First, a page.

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Marketing vs Sales – Why You’re Doing it Wrong 

Marketing and sales are often lumped into the same category. They are seen as things that intermingle and work as one thing. 

You only have to visit the latest online jobs board to see the abundance of roles asking for sales and marketing, and worse, some who ask for marketing but the description of the role is very much sales. I can imagine how difficult it is for these companies to find the people they want. 


Because they are asking for either the wrong thing or for two distinct disciplines – and most people are usually specialists in one of these areas not both.

Beneath the surface of the titles – sales and marketing – lies two very distinct and different skills that are nearly always misunderstood and confused. 

So, let’s dive in and see what exactly makes them different and how you can do each for maximum benefit.

1: Perception vs Closing 

Marketing = Perception 

Marketing is the behind the scenes artisan, crafting the way your business brand is perceived – what people think, feel and act like when they see it.

To get these messages seen by audiences, they are crafted onto platforms that people are interacting with, visiting and consuming on. Marketing is about letting people know you exist, letting them see you’re around and showing them your personality. 

Sales = Closing 

Sales, however, is about using the art of persuasion and conversation to build instant immediate relationships that allows for the skilled negotiator (sales person) to navigate and steer in the direction they want, converting interest into action.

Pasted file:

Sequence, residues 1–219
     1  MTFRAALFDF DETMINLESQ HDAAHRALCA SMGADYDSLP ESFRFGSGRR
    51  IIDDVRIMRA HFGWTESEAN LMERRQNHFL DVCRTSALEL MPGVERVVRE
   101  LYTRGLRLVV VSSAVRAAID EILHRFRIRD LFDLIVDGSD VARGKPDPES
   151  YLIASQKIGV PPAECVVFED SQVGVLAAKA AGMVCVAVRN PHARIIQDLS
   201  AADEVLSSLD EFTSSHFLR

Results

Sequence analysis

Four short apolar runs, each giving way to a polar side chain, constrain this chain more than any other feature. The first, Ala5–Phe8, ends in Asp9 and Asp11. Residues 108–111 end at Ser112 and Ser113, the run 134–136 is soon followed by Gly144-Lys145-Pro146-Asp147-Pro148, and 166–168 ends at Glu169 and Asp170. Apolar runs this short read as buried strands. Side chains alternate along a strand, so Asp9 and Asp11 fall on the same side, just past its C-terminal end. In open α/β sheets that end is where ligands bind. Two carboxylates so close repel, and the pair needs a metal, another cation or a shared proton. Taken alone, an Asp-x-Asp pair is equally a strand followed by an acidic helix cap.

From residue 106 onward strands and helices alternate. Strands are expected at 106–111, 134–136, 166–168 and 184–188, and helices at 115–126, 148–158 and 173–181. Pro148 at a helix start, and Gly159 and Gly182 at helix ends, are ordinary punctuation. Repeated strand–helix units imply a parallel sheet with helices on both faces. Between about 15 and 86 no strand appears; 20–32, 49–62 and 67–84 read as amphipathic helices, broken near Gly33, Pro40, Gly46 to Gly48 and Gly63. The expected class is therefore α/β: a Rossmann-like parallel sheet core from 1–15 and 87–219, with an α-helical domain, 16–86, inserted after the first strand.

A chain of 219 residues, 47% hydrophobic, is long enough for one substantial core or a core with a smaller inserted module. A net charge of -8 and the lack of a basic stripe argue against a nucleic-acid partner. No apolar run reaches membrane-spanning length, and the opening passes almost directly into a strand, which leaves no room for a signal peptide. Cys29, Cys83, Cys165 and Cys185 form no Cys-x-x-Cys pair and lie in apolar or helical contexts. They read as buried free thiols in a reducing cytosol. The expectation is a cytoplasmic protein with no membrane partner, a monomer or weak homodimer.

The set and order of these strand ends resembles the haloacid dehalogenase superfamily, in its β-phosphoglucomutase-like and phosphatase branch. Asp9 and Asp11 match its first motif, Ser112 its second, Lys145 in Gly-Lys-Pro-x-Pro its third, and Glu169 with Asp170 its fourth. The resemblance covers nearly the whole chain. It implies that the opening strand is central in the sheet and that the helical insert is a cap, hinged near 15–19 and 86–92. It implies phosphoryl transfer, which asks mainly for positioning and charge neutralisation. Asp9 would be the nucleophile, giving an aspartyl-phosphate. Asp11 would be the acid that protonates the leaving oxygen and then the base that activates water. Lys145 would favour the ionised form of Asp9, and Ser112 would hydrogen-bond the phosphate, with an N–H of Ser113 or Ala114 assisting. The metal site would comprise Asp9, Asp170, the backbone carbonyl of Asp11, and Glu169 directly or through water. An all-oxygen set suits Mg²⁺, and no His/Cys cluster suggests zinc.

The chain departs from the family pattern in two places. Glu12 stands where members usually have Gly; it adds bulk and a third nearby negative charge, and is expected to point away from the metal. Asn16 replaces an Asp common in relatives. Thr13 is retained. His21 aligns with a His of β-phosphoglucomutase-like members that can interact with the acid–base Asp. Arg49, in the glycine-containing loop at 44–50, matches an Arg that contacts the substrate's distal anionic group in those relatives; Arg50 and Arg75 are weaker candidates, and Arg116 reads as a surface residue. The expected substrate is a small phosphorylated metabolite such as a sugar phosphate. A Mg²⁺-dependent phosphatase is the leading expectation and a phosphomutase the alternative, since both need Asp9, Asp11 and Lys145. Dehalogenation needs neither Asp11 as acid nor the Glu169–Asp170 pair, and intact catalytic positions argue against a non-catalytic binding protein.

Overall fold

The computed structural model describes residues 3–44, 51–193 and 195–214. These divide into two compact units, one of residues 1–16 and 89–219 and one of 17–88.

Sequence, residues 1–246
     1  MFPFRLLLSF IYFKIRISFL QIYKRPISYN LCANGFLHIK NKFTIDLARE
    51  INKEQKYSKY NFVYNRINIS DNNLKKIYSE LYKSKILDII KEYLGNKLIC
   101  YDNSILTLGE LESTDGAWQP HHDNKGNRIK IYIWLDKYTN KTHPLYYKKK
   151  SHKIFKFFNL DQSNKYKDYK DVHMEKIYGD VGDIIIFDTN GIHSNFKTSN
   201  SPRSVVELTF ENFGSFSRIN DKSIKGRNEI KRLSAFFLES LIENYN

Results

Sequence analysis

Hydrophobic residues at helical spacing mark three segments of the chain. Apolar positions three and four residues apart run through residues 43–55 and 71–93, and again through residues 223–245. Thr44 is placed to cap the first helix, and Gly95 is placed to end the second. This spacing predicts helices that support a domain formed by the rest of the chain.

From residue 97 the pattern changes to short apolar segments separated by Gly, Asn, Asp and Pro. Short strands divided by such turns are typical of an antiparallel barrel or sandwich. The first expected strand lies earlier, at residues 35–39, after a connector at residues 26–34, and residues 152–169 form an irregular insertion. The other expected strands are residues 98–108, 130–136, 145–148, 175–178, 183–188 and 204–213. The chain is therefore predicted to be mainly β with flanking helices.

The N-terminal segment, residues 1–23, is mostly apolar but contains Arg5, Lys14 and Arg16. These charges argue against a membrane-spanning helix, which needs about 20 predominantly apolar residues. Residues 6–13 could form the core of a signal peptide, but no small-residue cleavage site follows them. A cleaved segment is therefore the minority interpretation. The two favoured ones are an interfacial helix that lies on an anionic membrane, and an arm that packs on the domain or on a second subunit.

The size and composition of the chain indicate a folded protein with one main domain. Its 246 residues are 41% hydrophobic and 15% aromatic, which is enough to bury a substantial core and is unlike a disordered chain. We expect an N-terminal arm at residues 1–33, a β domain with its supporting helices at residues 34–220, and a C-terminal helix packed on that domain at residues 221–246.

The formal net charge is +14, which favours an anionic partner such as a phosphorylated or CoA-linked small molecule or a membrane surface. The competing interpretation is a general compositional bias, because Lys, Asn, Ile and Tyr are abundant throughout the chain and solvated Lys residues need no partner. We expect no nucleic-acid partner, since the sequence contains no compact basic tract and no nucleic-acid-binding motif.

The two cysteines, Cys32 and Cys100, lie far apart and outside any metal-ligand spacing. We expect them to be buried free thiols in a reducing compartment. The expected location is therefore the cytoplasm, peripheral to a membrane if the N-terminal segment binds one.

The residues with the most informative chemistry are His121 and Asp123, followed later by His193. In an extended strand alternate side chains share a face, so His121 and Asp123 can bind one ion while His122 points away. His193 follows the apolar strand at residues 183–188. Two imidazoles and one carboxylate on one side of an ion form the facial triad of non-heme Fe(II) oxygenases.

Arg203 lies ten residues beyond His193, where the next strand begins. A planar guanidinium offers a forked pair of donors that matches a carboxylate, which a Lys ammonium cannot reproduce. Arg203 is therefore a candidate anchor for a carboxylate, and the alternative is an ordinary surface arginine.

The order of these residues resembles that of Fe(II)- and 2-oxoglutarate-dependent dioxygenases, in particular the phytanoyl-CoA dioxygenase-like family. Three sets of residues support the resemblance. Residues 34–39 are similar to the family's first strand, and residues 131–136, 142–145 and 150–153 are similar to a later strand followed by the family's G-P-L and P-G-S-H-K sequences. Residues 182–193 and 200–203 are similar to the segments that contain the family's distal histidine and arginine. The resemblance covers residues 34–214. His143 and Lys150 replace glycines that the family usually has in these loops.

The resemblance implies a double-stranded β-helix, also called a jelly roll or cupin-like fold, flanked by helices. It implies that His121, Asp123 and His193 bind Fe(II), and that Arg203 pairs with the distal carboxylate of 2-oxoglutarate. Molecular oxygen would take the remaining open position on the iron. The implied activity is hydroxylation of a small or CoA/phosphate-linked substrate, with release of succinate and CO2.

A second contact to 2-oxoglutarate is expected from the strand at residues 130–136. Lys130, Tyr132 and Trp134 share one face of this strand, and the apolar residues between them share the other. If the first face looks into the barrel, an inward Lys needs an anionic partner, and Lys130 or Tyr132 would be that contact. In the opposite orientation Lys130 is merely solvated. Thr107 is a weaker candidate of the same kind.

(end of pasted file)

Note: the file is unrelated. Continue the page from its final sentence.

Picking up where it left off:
This is often where people come unstuck, because they expect the marketing to do the function of the sales role, and this sits squarely on the shoulders of sales. Marketing sets the stage and sales is the one that closes the deal.

If you expect your marketing to close the sale and you’re frustrated by it not happening – you’re doing it wrong.

What this means for you

Essentially what this means is that if you’re putting posts on social, writing blogs, sending emails to your list, etc, you should be thinking of this as ways to build your brand perception, get people enjoying and liking your information. It is not the place to write your sales messages

Advertising is the online version of where you can sell your stuff. In every other aspect of marketing it should not be all about your ‘stuff’. Sales is where you do this – your sales team, or yourself if you’re a one-man-band – this is where you negotiate, persuade and encourage. You do not push, harass or force. Instead you have fun conversations with people. 

2 – Strategy vs Immediacy 

Marketing = Strategy 

Marketing is like gardening – first you plan where and when you’re going to plant things to give them the best chance of growth, then you nurture those plants over time to help them bloom. You don’t sit down and expect an instant mature plant from a single seed on day one. Instead you nurture it and it grows slowly over time. Marketers cultivate long-term relationships by offering nourishment through trust, brand recognition and credibility. 

Sales = Immediacy 

Sales is very much the opposite of this. It gives you the immediate result. Swift action that happens in the present moment. It is all about having real conversations immediately to give instant results. It’s based on the simple goal of converting leads into customers quickly. The sales team can capitalise on the foundation built by the marketing team and the work they have done on building reputation, trust and recognition to help them with those conversations and close the deals.